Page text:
December 19 2021
WHAT TO EAT
What to eat post-workout can be just as important as when to eat to get optimal recovery benefits. A mixture of healthy carbohydrates, fats, and protein is key to making the most of your optimal recovery window. Read on to learn more.
Few feelings can beat the post-workout high for athletes. You just came off an intense training session, your body and mind are tired, and you can almost feel your muscles adapting and getting stronger. Unfortunately (or fortunately for us foodies) that battle is only halfway done. What you eat post-workout can significantly help or hinder your body to repair itself from the stresses of physical training and improve fitness so you can keep reaching new milestones.
The main goal of post-workout nutrition is to give your body the nutrients it needs to recover quickly and retain the benefits of your workout. As discussed in our pre-workout guides and post-meal timing article, carbohydrates and proteins are going to be the main power players here.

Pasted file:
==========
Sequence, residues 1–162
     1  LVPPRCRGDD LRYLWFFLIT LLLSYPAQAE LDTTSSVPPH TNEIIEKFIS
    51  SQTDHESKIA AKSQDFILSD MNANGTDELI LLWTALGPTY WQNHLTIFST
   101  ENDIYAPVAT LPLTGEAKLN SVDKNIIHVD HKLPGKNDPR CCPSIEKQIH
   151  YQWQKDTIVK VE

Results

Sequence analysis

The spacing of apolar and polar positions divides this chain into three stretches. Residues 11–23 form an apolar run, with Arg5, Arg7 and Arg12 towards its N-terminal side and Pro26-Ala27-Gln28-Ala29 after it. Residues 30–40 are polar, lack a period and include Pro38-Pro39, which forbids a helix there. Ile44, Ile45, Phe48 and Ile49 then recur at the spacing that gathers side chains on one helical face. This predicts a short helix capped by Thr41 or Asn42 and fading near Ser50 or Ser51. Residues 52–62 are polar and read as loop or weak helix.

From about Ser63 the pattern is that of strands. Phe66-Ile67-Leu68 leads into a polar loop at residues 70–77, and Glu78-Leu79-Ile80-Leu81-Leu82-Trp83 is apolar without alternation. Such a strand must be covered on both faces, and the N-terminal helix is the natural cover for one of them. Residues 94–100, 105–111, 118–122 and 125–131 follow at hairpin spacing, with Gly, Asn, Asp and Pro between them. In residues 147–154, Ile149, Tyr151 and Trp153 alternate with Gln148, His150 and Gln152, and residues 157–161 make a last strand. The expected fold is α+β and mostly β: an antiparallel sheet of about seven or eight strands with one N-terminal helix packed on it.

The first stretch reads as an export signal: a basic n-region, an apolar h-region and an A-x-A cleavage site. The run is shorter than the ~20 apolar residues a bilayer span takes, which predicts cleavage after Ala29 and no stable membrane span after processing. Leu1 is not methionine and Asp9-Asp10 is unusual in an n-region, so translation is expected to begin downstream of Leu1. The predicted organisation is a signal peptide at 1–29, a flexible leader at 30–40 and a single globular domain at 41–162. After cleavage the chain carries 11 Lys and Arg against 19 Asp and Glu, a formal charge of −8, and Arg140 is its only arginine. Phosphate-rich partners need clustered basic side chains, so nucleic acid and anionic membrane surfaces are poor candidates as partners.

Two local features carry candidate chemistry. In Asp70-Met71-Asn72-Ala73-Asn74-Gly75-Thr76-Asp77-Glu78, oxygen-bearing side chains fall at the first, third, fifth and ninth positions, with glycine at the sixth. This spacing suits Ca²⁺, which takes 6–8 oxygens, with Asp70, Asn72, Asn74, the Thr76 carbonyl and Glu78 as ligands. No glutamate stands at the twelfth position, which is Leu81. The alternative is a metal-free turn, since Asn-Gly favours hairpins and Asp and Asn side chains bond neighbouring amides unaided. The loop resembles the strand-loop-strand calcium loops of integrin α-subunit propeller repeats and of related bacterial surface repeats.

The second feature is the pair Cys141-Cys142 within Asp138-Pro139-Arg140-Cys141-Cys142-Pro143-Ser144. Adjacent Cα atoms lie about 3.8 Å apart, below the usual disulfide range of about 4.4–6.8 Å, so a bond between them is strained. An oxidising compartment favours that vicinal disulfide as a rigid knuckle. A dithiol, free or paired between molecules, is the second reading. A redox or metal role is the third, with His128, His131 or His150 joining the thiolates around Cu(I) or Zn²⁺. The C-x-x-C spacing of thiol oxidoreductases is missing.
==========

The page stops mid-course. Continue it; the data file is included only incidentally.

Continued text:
During recovery, your body is tasked with adapting to the stresses and workload from your training session and responding by strengthening itself so the next time it experiences the same activities, it is better prepared to handle them with ease. Carbohydrates and important to replenish depleted glycogen (stored glucose molecules), and protein is important to repair damaged muscle tissues and help rebuild the muscle fibers thicker and stronger. Fluids and electrolytes are also going to be important to rehydrate the body and promote optimal recovery. Your recovery plan is especially important if you train consistently, as the body needs to fully recover and adapt in between sessions to prevent injury.
For your pre-workout meal, you’re going to want to focus on consuming complex carbohydrates. These carbohydrates take longer to digest, and the energy is released at a slower pace. This helps to sustain energy during long-races without getting fatigued.
A meal heavy in complex carbohydrates (3-5g per pound of body weight) the night before an endurance event is beneficial, and should include foods such as whole-grain pasta, rice, sweet potatoes, lentils, or quinoa with lean proteins and veggies.
This will raise the glycogen stores within your body and prepare you for endurance work. You’re then going to want to top off these glycogen stores 2-4 before your workout with whole-grain bread, pasta, sweet potatoes, broccoli, oatmeal, or beans (aim for 0.2-0.4g of carbs per pound of body weight).
CARBOHYDRATES: WHAT YOU NEED TO KNOW
The key to topping off your glycogen stores.